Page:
Earlier today, Google’s Android antitrust appeal case was heard in the European General Court. Google criticized the EU in court, saying that the European Commission ignores the existence of Android’s rival Apple. The five-day hearing is to assess whether Google has a monopoly in the smartphone operating system market. At today’s hearing, Google’s lawyer, Matthew Pickford said “The European Commission has turned a blind eye to the real competitive situation in the industry, that is, the competition between Apple and Android.”
He said: “The European Commission’s definition of the market is too narrow, downplaying the strong constraints imposed by the powerful Apple’, and mistakenly believes that Google has a dominant position in the mobile operating system and application stores. In fact, Google is a powerful player but not the only one…Android is an extraordinary success story in fierce market competition.”
European Commission dismisses Google’s claim
However, the European Commission lawyer, Nicholas Khan dismissed Apple’s role, because compared with Android, Apple’s market share is very small. Nicholas Khan said in court: “Incorporating Apple into consideration does not change too much. Google and Apple pursue different models.”
He said: “Google’s actions deprived any opportunity for competition.” During the period, Nicholas Khan mentioned some agreements signed between Google and device manufacturers, forcing mobile phone manufacturers to pre-install Google search, Chrome browser, and Google on their Android devices. In addition, Google also pays certain large-scale Android device manufacturers and mobile operators, requiring them to exclusively pre-install the Google Search App.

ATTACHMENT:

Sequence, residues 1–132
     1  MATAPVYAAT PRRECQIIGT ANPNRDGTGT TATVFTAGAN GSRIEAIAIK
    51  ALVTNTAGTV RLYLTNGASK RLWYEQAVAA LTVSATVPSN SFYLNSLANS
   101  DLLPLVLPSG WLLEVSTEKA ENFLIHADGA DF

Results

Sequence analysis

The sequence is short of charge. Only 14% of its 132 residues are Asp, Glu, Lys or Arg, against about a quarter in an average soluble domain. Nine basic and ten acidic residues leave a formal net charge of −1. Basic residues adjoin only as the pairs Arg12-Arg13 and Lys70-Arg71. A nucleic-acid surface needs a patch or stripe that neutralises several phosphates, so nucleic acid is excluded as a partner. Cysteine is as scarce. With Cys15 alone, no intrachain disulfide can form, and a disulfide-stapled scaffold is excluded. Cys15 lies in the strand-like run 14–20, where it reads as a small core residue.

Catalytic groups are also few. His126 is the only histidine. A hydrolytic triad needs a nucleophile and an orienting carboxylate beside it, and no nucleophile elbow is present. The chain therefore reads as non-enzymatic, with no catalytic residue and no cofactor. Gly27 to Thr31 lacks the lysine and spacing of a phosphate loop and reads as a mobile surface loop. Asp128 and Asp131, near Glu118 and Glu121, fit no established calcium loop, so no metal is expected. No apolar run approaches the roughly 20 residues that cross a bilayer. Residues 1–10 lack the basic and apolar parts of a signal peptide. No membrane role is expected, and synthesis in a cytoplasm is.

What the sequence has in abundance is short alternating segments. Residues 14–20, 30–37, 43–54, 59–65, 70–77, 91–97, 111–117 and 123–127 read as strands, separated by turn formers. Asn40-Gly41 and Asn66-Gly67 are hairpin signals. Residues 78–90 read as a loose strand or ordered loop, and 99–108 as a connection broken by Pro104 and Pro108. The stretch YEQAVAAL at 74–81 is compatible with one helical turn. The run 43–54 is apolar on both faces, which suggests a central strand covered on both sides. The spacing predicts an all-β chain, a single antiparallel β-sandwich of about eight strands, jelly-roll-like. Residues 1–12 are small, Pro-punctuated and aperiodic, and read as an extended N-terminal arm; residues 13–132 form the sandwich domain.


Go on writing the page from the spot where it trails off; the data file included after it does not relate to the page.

Pickford also said that Google needs the ability to bundle its applications with the mobile phone software. This can give Google an “appropriate incentive” to invest billions of euros in the Android ecosystem. The Android ecosystem has created a “reliable, non-fragmented platform that provides Apple with a truly competitive alternative.”
Nicholas Khan retorted that the restrictive contract allowed Google to establish a near-monopoly in the search field. This has pushed Google’s global revenue to more than triple from $50 billion in 2012. Currently, about 80% of smartphones in the world use the Android system that device manufacturers get for free. This case is the most important of the three EU antitrust cases against Google. In the past ten years, the EU has issued more than $8 billion in antitrust fines against Google.
In July 2018, the European Commission announced an antitrust fine of 4.34 billion euros ($5.15 billion) on Google. Specifically, Android device manufacturers must pre-install the Google Search App and Chrome browser as a condition for authorizing the Google Play Store. The European Commission does not appreciate this behaviour.